The report issued this morning by the Bureau of Economic Analysis that real GDP grew at only 1.3 percent in the second quarter and revising the estimate of growth in the first quarter down to 0.3 percent is really depressing (pun intended).
This reminds me of 1932. That’s when the Fed engaged in a program of open market purchases that had at most a minimal effect in slowing the downturn and reversing the slide in prices. The program was widely dismissed as a failure and evidence of the impotence of monetary policy in a depression. (Keynes had not yet invented the liquidity trap, but the idea that monetary policy is ineffective in stimulating a depressed economy because the interest rate channel is blocked predates Keynes. People mistakenly think that Keynes invented the “you can’t push on a string” metaphor, but it seems to have originated with Congressman T. Alan Goldsborough.) Scott Sumner has written about this episode in his (unfortunately still unpublished) book on the Great Depression, clearing up a lot of the confusion surrounding the program. It was not until FDR took office in March 1933 and immediately suspended the gold standard, raising the price of gold, that deflation was halted, and reflation and recovery began.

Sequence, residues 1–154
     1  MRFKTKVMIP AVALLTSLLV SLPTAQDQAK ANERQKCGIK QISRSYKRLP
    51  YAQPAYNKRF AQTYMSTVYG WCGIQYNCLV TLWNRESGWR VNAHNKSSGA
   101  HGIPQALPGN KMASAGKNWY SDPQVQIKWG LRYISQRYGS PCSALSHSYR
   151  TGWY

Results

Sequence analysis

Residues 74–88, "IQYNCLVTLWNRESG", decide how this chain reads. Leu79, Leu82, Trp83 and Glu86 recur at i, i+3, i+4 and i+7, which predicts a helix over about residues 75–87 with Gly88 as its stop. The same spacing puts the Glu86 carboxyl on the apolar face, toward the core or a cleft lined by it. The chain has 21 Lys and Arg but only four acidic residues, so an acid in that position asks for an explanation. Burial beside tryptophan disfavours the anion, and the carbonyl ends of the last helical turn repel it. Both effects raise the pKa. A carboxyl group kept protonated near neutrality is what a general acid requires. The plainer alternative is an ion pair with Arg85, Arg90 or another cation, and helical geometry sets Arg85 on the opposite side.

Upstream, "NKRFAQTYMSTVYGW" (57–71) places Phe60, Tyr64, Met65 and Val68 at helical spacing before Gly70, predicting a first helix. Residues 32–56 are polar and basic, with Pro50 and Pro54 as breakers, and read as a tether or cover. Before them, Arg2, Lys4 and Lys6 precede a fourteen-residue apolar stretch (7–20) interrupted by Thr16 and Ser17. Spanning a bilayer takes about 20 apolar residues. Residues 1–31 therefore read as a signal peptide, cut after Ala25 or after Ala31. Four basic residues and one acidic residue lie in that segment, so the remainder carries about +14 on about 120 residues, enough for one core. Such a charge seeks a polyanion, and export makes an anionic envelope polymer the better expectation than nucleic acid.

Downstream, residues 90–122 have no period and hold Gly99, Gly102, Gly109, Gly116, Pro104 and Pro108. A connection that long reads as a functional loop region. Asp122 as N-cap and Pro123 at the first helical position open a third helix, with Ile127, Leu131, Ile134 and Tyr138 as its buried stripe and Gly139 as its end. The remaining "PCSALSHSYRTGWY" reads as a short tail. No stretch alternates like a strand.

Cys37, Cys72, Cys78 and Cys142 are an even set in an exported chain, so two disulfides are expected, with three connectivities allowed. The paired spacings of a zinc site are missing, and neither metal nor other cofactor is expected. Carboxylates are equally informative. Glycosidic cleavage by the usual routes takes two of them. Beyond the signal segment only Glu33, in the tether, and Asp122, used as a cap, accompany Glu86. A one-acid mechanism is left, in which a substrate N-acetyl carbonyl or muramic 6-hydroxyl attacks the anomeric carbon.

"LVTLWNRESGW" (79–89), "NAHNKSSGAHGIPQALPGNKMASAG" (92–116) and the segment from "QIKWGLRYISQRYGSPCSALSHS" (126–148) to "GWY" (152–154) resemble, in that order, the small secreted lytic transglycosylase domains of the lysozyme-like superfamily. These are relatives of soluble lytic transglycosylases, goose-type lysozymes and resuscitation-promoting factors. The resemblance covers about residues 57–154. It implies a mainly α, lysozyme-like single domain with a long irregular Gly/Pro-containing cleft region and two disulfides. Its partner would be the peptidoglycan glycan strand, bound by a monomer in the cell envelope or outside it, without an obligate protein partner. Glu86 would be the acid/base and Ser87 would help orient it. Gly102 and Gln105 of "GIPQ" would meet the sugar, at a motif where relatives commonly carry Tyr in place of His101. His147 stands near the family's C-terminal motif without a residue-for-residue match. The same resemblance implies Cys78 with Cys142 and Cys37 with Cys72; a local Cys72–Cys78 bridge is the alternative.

All current monetary policy is doing, intentionally or inadvertently, is inducing banks to hold reserves yielding more interest than Treasury bills. Looking at the amazing growth in bank reserves and the Fed balance sheet, people are amazed that banks are not lending despite all the “high-powered” money that the Fed has created. The current policy, like the half-hearted open market purchases of 1932 is a prescription for failure, but the failure is interpreted not as a failure to adopt an expansionary monetary policy, but as a failure of expansionary monetary policy. In 1933 FDR proved, despite the skeptics, that expansionary monetary policy does work. Why can’t we learn from FDR? Where are all the historians of the New Deal? Why aren’t they pointing out how FDR used monetary policy to start a recovery at the deepest point of the Great Depression?
HT Benjamin Cole